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I'm applying for a PhD program which lists "Two references" in their required documents. The general university online application portal lets me submit details of more than two referees though.

I really want to provide three references for this course. Technically I do have two technical referees in the system already, but while quite ok, I expect their references to be a bit flat and generic - given we worked together not that much, two years ago and in a different field. I know academic references have priority over professional ones. However, my technical project manager in my job (software), I know would write me an absolutely smashing reference (because I saw their annual review feedback of me). The PhD is in robotics so software experience is not irrelevant.

Is it acceptable for me to add this one more referee to the application, even though the program requires only two?

UPDATE: I've emailed the program people and they've replied that 3 references would be very much ok, especially if I think it will paint a clearer picture of me as a candidate!

  • I don't see the harm in a third reference, especially if it's highlighting a separate, non-redundant skill/feature of your application, though others might disagree. I'd carefully scan the directions for cues like "at least" which suggest a third reference is totally fine, or "no more than" which would suggest it's not. If you have some time before the application deadline, it would also be reasonable to ask the program staff (not the department head) if a third reference is a problem. They could warn you if Professor X hates it when applications come with too many references. – Bryan Krause Jan 18 '17 at 23:01
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It's usually best to carefully read the application's supporting materials (FAQ, 'help' section, explanation pages, etc.), as some programs I've seen explicitly say "please do not send more than 2 [or usually 3 in the US]". Some programs require 2, but allow 3 (I've seen fellowships accept up to 5, but not a PhD program that does that).

However, I mainly answered to suggest you carefully consider how you pick your two "guaranteed" reference letters. If you are going into a program that is friendly towards industry practitioners, and your job and experience is relevant, and if your industry writer would be in a position to talk about relevant aspects of your application (technical skills desirable to the program, work ethic, reliability, etc), then it is possible that such a letter is actually better than a bland academic one by itself. This varies heavily by field, but if the program explicitly says something about how to professional references are OK (often with a stipulation that at least 1 be from an academic), then I think there's a case for you to go with one academic and one professional letter. Then you can put the 3rd in, if the system allows it, as your additional academic reference.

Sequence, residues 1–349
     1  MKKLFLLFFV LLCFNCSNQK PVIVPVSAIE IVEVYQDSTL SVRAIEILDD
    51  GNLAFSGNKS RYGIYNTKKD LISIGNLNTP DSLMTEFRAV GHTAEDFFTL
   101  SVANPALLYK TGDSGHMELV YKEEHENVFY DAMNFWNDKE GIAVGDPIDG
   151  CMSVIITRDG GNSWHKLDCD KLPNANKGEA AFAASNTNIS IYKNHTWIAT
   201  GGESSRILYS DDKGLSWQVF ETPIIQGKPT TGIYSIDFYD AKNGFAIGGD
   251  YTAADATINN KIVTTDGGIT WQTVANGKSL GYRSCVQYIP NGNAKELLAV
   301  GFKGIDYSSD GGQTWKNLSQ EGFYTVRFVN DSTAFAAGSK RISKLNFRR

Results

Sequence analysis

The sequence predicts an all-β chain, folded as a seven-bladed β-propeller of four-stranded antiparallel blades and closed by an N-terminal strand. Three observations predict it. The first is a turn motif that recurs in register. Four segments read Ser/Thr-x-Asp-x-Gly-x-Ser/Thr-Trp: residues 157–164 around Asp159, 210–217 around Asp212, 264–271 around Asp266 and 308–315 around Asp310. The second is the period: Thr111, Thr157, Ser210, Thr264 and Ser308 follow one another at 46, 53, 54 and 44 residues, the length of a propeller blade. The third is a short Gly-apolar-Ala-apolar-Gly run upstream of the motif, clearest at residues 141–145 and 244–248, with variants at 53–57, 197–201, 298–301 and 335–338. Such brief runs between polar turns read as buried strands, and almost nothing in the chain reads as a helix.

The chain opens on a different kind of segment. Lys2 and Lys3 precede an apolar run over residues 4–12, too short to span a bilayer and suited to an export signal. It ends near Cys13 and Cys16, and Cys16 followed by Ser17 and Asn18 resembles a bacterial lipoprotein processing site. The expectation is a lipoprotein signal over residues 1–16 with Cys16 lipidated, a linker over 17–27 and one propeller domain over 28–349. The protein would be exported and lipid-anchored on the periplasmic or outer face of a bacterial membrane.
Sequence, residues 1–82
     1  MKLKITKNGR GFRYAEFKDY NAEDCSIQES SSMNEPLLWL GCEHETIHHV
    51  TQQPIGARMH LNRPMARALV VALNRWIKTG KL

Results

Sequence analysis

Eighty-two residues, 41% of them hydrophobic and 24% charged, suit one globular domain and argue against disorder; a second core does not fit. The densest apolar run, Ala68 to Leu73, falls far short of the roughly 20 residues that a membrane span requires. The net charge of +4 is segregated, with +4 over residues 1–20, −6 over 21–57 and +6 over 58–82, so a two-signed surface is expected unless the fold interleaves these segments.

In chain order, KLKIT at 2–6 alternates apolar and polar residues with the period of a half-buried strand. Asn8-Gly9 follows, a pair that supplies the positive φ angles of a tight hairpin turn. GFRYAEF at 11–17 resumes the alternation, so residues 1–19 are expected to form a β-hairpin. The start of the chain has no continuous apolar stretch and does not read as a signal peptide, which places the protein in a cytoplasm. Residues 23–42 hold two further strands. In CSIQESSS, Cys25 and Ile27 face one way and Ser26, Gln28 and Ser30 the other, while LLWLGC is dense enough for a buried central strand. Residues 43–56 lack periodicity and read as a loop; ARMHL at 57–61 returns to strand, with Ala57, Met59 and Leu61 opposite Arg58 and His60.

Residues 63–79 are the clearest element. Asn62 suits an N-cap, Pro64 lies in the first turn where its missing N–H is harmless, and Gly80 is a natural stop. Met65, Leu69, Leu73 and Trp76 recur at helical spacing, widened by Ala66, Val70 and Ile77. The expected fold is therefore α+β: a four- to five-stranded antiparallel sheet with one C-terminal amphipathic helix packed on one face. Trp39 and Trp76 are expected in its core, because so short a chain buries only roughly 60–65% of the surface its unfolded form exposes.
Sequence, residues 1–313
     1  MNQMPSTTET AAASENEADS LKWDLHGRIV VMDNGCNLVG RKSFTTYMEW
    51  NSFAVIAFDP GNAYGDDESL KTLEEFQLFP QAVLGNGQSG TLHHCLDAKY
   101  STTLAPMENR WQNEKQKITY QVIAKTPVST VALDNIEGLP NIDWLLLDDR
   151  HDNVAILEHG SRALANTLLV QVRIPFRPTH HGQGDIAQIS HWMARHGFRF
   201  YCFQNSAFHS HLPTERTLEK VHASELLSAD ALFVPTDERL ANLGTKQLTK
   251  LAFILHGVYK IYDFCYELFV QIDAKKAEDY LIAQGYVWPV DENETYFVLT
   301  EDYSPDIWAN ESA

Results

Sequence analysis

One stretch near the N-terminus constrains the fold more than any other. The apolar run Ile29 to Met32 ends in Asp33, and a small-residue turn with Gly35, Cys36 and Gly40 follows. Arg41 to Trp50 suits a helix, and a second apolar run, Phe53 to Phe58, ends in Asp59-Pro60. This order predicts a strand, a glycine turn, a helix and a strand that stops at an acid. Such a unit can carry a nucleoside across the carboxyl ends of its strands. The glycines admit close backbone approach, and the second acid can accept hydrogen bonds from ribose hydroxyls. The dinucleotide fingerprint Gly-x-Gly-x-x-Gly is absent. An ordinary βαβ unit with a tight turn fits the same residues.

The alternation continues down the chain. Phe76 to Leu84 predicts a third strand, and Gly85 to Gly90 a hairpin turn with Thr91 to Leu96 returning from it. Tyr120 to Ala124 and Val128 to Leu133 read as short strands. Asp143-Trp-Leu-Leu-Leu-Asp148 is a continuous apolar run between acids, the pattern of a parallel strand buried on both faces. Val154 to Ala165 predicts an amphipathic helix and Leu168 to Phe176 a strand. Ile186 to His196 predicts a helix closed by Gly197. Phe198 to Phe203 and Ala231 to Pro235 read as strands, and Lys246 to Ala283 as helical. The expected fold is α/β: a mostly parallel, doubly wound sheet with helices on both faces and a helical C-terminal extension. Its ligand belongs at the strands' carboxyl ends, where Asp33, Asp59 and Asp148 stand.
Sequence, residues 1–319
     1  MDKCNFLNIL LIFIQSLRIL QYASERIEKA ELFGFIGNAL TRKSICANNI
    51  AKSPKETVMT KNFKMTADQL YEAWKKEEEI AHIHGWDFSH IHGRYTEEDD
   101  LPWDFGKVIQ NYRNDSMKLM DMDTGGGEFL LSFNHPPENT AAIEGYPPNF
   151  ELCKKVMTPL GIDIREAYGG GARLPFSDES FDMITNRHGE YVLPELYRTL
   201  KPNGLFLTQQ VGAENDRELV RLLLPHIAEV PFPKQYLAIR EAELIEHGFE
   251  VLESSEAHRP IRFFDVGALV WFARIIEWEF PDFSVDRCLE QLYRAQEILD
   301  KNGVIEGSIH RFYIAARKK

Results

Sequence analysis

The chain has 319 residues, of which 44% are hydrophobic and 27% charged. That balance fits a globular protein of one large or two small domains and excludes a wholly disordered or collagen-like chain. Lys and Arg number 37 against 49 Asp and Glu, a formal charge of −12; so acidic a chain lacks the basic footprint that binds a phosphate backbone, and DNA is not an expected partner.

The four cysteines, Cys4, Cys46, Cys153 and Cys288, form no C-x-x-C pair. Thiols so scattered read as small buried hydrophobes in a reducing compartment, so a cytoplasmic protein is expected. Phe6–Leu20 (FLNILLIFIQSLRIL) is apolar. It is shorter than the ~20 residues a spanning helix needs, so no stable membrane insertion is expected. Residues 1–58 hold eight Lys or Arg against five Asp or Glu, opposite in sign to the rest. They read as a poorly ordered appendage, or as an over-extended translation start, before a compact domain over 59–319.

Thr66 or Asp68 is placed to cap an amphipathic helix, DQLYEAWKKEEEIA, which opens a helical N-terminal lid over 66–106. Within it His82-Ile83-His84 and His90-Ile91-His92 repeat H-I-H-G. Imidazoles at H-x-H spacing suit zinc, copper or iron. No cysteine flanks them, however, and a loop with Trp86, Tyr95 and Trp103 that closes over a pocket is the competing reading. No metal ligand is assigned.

This can be very field and program specific, so I'd advise you to try to get some more guidance from someone closer your target program to give you there advice. But some fields - especially in applied areas of computer science, like many robotics programs, software engineering, etc - are far more appreciative of certain kind of professional reference letters than others.

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However, my technical project manager in my job (software), I know would write me an absolutely smashing reference (because I saw their annual review feedback of me).

You should be really careful about interpreting this. In industry annual reviews are for internal purposes. They reflect on both the person being reviewed and the reviewer. Many companies forbid employees from writing references and hand reference requests off to HR who produce a boiler plate reference stating the dates the employee worked at the company and that there were no disciplinary problems. Employees who are not forbidden to write references still only write bland (aka awful) letters.

In the US, it should be fine to submit more than the minimum required references if the system allows you to. In some countries, it might be problematic and the admissions committee might randomly select the required number of references and ignore the others.

  • My company doesn't forbid employees from writing references for other employees in this context. In fact, I ended up getting my manager's blessing for the PhD programme and an explicit permission for me to set off and find people who would write me one. – SaladButt Jan 18 '17 at 23:17

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